The shrimp microsporidian Enterocytozoon hepatopenaei 2 (EHP) is a disease that attacks shrimp on the digestive system. The disease is caused by infection with Enterocytozoon hepatopenaei (EHP), a microsporidian pathogen first reported in the hepatopancreas (HP) of both normal and growth-retarded black tiger shrimp (Penaeus monodon) in Thailand in 2004 (Chayaburakul et al., 2004). This disease broke down in 2014 and has impacted the production of shrimp such as Malaysia, China, Thailand, etc.
There are 3 possible reasons for shrimp being infected with EHP: the post-larvae is infected, waste content inside the pond is high and the previous crops infected with EHP were not thoroughly treated. When EHP occurs, there is no known treatment for the shrimp so far. EHP will attack the broodstock first and later the nauplii produced by the broodstock will carry the spores. That's how the spores will infect the post-larvae and the farm. If EHP occurs on a farm, it will be hard to treat since the farm uses the same water sources.
EHP is transmitted horizontally by ingestion of spores released from feces of infected shrimp or by cannibalism of infected shrimp (Tangprasittipap et al., 2013; Tang et al.2015). To control EHP in hatcheries, all live feed such as artemia, clams, etc need to be put for screening first to make sure the pathogens are all dead. Another prevention that we can do to avoid EHP is by pasteurization of live feed before feeding the shrimp. By doing this step we can assure that the bacterial and pathogen will be all destroyed during the pasteurization phase. We also need to clean the hatchery facilities after we use the equipment all including tanks, pipelines, and hand net. To wash the equipment, it's better to use 2.5% sodium hydroxide and keep it for one week at least.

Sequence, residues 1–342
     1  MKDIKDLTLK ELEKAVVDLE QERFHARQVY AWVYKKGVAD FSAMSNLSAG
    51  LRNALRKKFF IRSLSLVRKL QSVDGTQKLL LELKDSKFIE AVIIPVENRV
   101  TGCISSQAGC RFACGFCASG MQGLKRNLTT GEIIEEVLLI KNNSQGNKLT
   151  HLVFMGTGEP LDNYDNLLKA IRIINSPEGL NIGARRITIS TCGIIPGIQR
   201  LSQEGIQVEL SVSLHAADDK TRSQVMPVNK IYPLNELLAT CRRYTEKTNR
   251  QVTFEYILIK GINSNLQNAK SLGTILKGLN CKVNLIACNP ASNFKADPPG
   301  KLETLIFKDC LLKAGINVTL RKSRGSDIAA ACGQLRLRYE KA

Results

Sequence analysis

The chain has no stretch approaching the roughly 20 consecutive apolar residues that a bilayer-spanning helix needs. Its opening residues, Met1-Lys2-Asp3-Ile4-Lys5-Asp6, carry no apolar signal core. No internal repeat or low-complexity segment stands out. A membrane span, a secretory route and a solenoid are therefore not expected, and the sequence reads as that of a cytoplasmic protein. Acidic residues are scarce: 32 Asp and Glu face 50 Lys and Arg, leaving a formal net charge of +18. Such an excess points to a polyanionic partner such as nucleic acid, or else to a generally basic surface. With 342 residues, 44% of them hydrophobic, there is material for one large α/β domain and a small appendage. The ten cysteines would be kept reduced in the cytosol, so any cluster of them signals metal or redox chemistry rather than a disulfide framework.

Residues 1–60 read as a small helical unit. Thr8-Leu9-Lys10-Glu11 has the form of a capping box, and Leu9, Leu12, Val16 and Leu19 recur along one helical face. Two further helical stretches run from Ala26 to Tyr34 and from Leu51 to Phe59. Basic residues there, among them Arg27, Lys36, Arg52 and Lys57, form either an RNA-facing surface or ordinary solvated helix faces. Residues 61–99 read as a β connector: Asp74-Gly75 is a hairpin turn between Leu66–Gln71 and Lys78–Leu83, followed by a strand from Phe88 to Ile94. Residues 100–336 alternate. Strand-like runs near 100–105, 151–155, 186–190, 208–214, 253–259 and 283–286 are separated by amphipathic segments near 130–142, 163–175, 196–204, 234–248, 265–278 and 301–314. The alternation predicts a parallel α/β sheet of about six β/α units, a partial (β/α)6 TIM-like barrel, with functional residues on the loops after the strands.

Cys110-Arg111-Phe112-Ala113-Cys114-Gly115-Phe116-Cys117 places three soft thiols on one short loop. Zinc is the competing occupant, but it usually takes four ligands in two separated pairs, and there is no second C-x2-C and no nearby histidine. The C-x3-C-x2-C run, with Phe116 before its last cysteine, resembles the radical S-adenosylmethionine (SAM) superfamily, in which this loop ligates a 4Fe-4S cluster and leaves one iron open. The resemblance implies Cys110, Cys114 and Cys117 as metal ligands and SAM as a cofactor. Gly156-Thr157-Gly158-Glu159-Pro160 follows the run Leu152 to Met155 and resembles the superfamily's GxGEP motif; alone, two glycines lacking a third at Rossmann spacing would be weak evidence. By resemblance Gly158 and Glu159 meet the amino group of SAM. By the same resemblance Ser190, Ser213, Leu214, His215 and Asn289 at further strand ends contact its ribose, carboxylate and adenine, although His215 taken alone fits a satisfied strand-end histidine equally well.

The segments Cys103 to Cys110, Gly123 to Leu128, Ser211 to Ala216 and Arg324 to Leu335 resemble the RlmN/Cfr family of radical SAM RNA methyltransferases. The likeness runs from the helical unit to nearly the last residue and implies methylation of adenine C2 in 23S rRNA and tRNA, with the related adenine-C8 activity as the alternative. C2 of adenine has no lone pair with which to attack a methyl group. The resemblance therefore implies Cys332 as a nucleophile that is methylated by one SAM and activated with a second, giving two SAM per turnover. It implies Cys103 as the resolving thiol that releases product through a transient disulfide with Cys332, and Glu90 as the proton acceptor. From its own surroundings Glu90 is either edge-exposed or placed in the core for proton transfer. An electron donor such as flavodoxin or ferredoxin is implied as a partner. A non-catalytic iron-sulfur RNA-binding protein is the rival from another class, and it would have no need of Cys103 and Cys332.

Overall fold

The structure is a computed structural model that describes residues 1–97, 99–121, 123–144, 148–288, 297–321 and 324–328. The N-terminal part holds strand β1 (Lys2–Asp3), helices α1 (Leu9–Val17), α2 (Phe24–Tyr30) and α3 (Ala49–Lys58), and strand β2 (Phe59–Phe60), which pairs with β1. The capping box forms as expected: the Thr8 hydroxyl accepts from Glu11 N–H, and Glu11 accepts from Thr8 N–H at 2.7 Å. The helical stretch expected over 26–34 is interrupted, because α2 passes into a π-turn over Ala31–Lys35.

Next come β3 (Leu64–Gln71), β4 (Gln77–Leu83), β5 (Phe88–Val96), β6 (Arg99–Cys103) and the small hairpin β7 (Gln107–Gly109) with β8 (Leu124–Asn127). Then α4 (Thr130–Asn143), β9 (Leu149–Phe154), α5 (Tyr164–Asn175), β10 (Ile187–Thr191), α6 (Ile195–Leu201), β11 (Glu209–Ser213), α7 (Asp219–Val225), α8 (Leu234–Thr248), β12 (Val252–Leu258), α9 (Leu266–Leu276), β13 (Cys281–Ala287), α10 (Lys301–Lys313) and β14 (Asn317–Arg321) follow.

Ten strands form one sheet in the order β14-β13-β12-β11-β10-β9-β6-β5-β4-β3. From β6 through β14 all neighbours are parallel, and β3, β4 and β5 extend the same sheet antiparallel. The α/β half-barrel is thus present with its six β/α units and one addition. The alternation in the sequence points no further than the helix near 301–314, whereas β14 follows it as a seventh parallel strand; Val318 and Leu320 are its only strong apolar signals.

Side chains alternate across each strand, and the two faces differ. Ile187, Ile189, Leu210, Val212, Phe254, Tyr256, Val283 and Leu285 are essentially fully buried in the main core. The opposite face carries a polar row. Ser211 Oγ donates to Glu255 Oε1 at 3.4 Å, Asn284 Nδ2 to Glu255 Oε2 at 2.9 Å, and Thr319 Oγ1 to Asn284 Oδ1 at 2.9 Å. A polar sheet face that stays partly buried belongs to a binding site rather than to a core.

Since more country shrimp production is affected by EHP, it is important to know how to control the international spread of EHP. There are two ways to conduct a test to detect EHP. A nested PCR detection method and a LAMP method are available to check feces of broodstock and to check whole PL for the presence of EHP (Tangprasittipap et al. 2013). One of the reasons EHP spread to the farm after receiving stocks of shrimp from other countries is that they often become contaminated in recipient maturation facilities and hatcheries because of poor biosecurity. The best method to avoid EHP is by not using any live animals as feed for shrimp. If we still need to use live feed, it's better to freeze the live feed first, to kill the bacteria and EHP.
In conclusion, even though there is no cure for EHP, we can prevent the disease as long as we use the correct control in our farm/hatchery. The most important thing is the management of the hatchery should take action and responsibility to make sure to minimize losses and sustain productivity at shrimp farms.
Chayaburakul, K., Nash, G., Pratanpipat, P., Sriurairatana, S., Withyachumnarnkul, B., 2004.Multiple pathogens are found in growth-retarded black tiger shrimp Penaeus monodon cultivated in Thailand. Dis. Aquat. Organ. 60, 89–96. https://doi.org/10.3354/dao060089
Tran, L., Nunan, L., Redman, R.M., Mohney, L.L., Pantoja, C.R., Fitzsimmons, K., Lightner,D. V., 2013. Determination of the infectious nature of the agent of acute hepatopancreatic necrosis syndrome affecting penaeid shrimp. Dis. Aquat. Organ. https://doi.org/10.3354/dao02621
Vavra, J., Lukes, J., 2013. Microsporidia and “the art of living together” Advances in parasitology. https://doi.org/10.1016/B978-0-12-407706-5.00004